Duke Ratliff

Love American (Consumer) Style

Divorce rates, along with consumer debt, are on the rise in the United States--thank goodness.

While divorce and consumer debt are troubling from a social and moral view, they serve as indicators of a positive outlook for the home business.

After plunging to a 40-year low at the end of the recession in 2009, divorce rates are back to a "healthy" 2.4 million a year. Experts speculate that troubled couples couldn't afford to split during the recession. Increasingly, non-compatible marrieds are back to calling it quits at a normal rate--hopefully signifying that the economy is improving.

Baby Boomers are particularly subject to divorce, studies say. The number of divorces among people 50 or older doubled from 1990 to 2010. In addition to a rebounding economy, experts said that as older Americans live to a longer age they may be shedding themselves of incompatible spouses.

In addition to being a possibly bright economic harbinger, and despite obviously negative connotations, divorces can also lead to home furnishings sales. Assuming that the divorced individuals have sufficient finances, the breakup results in one more home that needs furniture, appliances, rugs and housewares.

Like divorce, consumer debt also is on the rise. And like divorce, this seemingly negative characteristic could be good news for the home furnishings industry.

American consumer debt increased by $241 billion in the fourth quarter of 2013 to $11.52 trillion. That's the largest quarterly increase in consumer debt since the third quarter of 2007.

Economic experts--assuming such people actually exist--are ambivalent about this statistic. On one hand, large consumer debt such as the nation experienced before the recession can be a weight dragging down consumers and American financial institutions. Plus, rising economic debt can be a sign that consumers don't have the cash to pay for what they need.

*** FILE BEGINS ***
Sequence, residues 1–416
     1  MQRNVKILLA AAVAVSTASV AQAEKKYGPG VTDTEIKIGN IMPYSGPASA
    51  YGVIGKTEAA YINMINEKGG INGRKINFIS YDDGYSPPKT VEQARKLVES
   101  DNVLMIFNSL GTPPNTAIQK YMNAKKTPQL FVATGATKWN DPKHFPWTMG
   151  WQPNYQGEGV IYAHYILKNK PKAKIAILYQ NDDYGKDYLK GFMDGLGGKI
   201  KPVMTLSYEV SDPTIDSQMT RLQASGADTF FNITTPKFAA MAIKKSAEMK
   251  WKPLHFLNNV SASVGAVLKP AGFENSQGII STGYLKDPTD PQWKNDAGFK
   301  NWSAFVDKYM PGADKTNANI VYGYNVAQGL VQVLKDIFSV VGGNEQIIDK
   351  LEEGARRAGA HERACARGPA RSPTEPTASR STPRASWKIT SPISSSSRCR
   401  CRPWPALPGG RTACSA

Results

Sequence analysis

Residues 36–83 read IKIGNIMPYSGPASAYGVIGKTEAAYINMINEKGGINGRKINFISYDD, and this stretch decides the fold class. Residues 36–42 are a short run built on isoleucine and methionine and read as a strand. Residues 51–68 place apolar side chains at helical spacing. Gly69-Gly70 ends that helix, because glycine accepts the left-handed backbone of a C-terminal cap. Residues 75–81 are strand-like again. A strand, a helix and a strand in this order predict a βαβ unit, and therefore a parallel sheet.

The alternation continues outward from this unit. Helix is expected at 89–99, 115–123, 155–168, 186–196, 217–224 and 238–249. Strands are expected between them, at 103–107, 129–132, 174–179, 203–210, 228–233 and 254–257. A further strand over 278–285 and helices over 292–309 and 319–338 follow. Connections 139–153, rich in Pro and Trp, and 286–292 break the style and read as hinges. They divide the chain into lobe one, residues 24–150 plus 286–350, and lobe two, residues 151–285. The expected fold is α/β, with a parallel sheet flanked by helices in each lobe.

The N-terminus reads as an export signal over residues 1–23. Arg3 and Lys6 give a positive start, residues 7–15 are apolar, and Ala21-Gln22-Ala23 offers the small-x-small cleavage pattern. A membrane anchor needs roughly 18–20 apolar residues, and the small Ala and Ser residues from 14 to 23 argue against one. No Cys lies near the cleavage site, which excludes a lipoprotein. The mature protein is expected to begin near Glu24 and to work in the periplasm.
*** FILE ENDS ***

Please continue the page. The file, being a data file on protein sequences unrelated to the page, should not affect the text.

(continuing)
Still, most agree that when the economy was chugging along before the recession, a significant portion of consumer spending was done with credit cards. No cash, no problem was the motto for retailers and consumers--and lending institutions. I often wonder how much of the home furnishings industry back in the pre-recession days was built on the backs of credit cards.

Credit card spending/shopping nearly came to a standstill following the recession. Some theorized it was gone forever.

But recent statistics show that credit card spending is on the rebound as credit card companies are, at long last, extending credit to consumers. This is clearly good news for home furnishings retailers and vendors. For instance, instead of purchasing a much-needed arm chair at a yard sale or at their local Goodwill, consumers are breaking out their credit cards to purchase a new chair at Pottery Barn or Ikea.

Rising real estate prices join divorce rates and consumer debt as another recent cause to be positive about 2014. Obviously, a healthy housing market is the ultimate good sign for home furnishings sales.

Perhaps it's time to rejoice over this trifecta of reasons to be optimistic.

Let's sing it all together: Divorce, debt and expensive housing--oh my.